Does the number on the scale REALLY matter? (Or why I’ll never buy another designer dress)

“Self-worth comes from one thing – thinking that you are worthy.”

-Wayne Dyer

As you all know, the past 9 weeks the hubs and I have have been participating in a “Get Fit Challenge” through our local gym.  While I may have joined simply to be supportive, it has not spared me from the torment of the weekly “weigh in”.  Normally I am not someone who ever weighs myself.  I don’t need a scale to tell me when I’m getting a little soft and fluffy.  I do live in my body after all.  Getting dressed in the morning is enough evidence of any changes going on.  For example, I don’t need a number to know when my derriere is getting huge.  All I need is a mirror.  (Thanks cycling!)

However, being required to weigh myself every frickin’ week has given me a preoccupation Imagewith my weight that is entirely not welcome.  I know my biggest issue with training is not eating enough, and yet the thought of that dreaded weigh in has me in fear of eating.  At least it did initially.  Then the hubs and I went on a vacation.  I think I literally ate my way through the whole week.  While I tried to stick to healthier options, I still ate french fries and carbs when I wanted them.  My only exercise consisted of running with a cumulative total of 20 miles for the week.  Guess what happened! I didn’t gain an ounce.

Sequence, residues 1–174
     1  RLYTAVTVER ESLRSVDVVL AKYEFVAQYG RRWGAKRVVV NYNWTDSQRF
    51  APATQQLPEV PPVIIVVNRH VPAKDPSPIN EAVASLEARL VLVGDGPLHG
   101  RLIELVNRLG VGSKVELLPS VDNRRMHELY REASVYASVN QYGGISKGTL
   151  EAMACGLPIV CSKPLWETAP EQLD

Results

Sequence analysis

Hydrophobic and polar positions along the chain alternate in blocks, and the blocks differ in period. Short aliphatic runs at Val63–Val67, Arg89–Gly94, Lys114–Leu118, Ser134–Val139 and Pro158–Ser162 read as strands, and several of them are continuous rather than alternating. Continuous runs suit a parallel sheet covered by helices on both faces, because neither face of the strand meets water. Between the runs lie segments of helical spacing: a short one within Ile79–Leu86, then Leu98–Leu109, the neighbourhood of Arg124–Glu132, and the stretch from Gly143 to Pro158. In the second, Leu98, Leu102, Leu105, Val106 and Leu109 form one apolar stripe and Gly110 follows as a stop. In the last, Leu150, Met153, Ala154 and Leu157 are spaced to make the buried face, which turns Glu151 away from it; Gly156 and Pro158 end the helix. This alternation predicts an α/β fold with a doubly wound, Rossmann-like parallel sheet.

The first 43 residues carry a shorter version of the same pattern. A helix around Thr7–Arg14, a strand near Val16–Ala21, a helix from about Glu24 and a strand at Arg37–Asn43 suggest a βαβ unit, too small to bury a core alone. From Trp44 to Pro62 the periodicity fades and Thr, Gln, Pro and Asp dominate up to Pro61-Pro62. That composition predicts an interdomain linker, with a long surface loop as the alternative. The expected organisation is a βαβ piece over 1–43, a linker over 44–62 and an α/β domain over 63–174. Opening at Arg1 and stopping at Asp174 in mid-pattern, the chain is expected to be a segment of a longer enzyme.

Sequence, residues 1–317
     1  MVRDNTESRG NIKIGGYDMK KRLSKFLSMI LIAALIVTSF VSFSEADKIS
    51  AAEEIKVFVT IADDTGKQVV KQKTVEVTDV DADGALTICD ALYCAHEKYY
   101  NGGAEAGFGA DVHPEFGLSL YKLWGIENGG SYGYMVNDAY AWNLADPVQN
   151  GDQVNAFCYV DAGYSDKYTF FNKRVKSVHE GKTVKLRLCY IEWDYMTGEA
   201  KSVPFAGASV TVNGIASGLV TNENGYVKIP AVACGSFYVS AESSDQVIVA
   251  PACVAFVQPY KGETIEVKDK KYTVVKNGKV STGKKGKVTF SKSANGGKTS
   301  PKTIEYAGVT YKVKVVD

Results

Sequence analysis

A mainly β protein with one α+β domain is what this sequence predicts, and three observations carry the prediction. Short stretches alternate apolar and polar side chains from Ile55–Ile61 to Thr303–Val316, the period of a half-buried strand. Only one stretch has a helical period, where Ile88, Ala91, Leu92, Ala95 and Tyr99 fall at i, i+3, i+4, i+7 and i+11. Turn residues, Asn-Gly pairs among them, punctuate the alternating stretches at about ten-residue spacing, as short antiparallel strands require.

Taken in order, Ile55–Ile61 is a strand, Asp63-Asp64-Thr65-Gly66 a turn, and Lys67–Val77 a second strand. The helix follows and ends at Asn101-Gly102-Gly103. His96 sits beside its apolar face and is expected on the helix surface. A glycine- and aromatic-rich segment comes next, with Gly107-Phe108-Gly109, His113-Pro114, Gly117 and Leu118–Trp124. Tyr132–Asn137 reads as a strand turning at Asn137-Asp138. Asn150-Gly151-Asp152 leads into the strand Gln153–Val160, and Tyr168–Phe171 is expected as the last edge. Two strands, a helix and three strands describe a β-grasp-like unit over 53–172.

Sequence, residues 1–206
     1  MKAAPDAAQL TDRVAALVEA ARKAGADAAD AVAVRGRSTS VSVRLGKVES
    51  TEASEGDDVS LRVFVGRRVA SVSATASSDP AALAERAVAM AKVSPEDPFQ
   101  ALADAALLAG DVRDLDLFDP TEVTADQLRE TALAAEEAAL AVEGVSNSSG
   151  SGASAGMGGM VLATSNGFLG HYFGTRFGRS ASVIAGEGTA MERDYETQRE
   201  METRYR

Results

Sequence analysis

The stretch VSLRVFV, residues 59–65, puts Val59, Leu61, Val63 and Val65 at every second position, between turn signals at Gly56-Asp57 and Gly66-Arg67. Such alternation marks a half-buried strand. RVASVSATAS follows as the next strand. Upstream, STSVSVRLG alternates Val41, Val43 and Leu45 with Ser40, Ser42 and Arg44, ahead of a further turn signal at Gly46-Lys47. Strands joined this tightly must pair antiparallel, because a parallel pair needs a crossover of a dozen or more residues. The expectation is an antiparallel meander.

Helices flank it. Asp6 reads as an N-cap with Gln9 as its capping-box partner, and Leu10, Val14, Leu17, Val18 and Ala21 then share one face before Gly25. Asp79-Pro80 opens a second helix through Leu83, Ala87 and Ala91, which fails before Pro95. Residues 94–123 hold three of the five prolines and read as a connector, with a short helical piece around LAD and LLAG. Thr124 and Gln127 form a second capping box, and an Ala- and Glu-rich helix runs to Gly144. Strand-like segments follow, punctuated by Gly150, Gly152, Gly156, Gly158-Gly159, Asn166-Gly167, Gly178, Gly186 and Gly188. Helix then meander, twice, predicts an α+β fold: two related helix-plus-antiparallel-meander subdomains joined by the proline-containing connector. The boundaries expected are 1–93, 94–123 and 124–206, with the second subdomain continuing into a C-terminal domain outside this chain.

After that I decided to focus on trying to eat MORE.  Instead of trying to be strict about only eating clean, I tried to work on getting enough calories (while still trying to make healthy choices).  The result was that I actually lost a little weight.

It’s hard to believe that with all the mileage I pull in a week, and that fact that body is frequently starving for calories (why does healthy food have to be so damn low in calories anyway?) that some number on a scale could still make me feel, well, fat.  I am only 5’4″ and my weight fluctuates between 139 and 140.  I am the heaviest I have ever been.  Yet I still fit in size 0 and 2 dresses.